En EspaŅol

Q. Who is Mr. Smarty Plants?

A: There are those who suspect Wildflower Center volunteers are the culpable and capable culprits. Yet, others think staff members play some, albeit small, role. You can torture us with your plant questions, but we will never reveal the Green Guru's secret identity.

Help us grow by giving to the Plant Database Fund or by becoming a member

Did you know you can access the Native Plant Information Network with your web-enabled smartphone?

Share

Ask Mr. Smarty Plants

Ask Mr. Smarty Plants is a free service provided by the staff and volunteers at the Lady Bird Johnson Wildflower Center.

Search Smarty Plants
    
 
See a list of all Smarty Plants questions
Can't find the answer in our existing FAQs, submit a question to Mr. Smarty Plants.
Need help with plant identification, visit the plant identification page.
 
rate this answer
Not Yet Rated

Sunday - May 18, 2008

From: Cedar Rapids, IA
Region: Midwest
Topic: Propagation
Title: Will potted tulip rebloom next year
Answered by: Barbara Medford

QUESTION:

We bought tulips that were in bloom in small pots in May, and planted them in the back yard. Now my friend tells me they will not come up and bloom next spring, that you must only plant tulips as bulbs.

ANSWER:

Buying flowering plants is often nicer for gifts or a get-well gesture than cut flowers, because the blooms last longer. Alas, once the bloom fades, the plant probably will, too. Most potted flowering plants are "forced" in large commercial greenhouses, perhaps in order to be sold for special days like Mother's Day or Valentine's. All of the plant's energy has been put into producing the flower, and nothing is left over for reproduction. There is usually very little, if any, root in the pot. In your case, with tulips, there is probably a bulb there, but whether it will reproduce next year is problematic. Many gardeners treat tulips as annuals anyway, putting in fresh bulbs every Fall for Spring bloom.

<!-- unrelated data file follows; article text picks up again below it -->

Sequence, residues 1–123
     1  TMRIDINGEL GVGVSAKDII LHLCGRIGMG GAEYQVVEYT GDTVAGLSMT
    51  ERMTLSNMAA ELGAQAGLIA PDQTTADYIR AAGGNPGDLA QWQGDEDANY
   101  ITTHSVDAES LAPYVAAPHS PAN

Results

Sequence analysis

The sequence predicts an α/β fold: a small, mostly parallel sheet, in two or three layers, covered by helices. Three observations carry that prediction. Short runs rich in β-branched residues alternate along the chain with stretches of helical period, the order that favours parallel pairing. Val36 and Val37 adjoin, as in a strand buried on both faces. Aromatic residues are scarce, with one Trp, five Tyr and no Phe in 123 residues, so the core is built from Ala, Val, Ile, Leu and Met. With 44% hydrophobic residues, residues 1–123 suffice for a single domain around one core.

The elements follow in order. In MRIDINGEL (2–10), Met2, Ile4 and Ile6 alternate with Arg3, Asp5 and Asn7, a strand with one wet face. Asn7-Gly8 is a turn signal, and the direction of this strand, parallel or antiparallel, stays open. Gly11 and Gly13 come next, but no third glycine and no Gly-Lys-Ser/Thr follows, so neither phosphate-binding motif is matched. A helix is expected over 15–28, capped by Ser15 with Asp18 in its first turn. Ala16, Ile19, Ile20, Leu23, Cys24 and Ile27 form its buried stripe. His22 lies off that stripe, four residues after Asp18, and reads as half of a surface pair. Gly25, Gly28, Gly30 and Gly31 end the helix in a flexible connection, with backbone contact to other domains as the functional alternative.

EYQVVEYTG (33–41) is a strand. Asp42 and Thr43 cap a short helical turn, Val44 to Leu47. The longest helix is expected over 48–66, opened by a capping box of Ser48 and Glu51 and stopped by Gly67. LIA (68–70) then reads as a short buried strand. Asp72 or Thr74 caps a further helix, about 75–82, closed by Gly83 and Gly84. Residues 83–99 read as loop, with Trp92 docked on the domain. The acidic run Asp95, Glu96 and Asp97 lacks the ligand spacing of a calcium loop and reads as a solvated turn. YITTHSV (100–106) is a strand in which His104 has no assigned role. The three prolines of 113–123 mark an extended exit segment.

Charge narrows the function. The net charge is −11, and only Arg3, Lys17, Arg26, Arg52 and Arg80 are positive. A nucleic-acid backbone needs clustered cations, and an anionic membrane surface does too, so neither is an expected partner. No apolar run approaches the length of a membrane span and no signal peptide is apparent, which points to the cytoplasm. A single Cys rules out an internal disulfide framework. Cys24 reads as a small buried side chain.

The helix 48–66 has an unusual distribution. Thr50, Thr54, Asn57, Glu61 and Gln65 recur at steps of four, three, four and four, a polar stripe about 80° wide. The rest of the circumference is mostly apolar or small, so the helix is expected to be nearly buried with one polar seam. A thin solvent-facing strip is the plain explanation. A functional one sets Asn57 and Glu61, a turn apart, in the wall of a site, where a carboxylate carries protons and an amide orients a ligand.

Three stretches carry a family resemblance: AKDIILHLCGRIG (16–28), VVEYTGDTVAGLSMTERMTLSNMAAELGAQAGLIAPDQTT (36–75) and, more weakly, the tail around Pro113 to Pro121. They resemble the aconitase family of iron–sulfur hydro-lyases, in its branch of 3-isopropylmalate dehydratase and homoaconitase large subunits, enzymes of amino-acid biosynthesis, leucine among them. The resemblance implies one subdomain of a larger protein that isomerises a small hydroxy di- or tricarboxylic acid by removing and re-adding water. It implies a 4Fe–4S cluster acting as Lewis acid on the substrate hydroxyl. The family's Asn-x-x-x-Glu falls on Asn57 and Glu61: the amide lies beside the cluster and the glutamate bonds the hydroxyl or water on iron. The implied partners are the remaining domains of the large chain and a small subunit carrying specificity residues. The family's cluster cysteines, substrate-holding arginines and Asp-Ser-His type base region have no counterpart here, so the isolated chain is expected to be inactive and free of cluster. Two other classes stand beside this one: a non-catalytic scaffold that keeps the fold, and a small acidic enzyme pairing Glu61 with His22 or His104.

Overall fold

Since the tulip is a native of the Middle East (not Holland, as many think), it is a little out of our field. The Lady Bird Johnson Wildflower Center is dedicated to the care, protection and propagation of plants native to North America. However, we found this Yardener website on "Caring for Tulips" that will give you information on propagation. Just for an experiment, you could always follow their instructions to dig up the bulb after the leaves turn brown, separate any bulblets from the main bulb, let them rest until Fall, and then, with fertilizer, replant them. The smaller bulbs will probably not bloom for two to three years, but if there is a healthy large bulb, they might very well bloom again next year.

 

More Propagation Questions

Seed pods on Acer grandidentatum
June 23, 2007 - Hi, we have three young Big Tooth Maples that are doing very well in our pasture. We bought them already established and small. However, we would like to start some. Do they produce a seed?? What wo...
view the full question and answer

Recommended distance between blueberry plants
May 21, 2008 - How far apart do I need to plant blueberry bushes?
view the full question and answer

Transplanting Mustang Grapes
June 15, 2006 - What is the best way to grow mustang grapes? We have vines established over the property but up too high to continue to harvest and a couple of young vines on the ground that haven't reached the clo...
view the full question and answer

Student project on Hudson Valley, NY native plants and ecology
January 16, 2009 - Mr. Smarty, Hi I am starting a project with a school group 4th-6th grade, that has a greenhouse. The goal is to teach children about native plants & ecology of the Hudson valley region in NY. We will ...
view the full question and answer

Plants for Daisy Girl Scout native plants project
December 13, 2013 - Hello, I am a daisy Girl Scout leader and we are working on one of our Journeys and Native Plants Patch Program which requires our group of 5-6 year old girls to plant and care for a mini-garden. ...
view the full question and answer

Smarty Plants's Facebook profile Support the Wildflower Center by Donating Online or Becoming a Member today.

Mr. Smarty Plants wants you to be his Facebook friend. Click the Facebook icon to add yourself to Mr. Smarty Plants list of friends.
E-NEWSLETTER | BECOME A MEMBER | DONATE NOW | MEDIA | SITEMAP
© 2014 Lady Bird Johnson Wildflower Center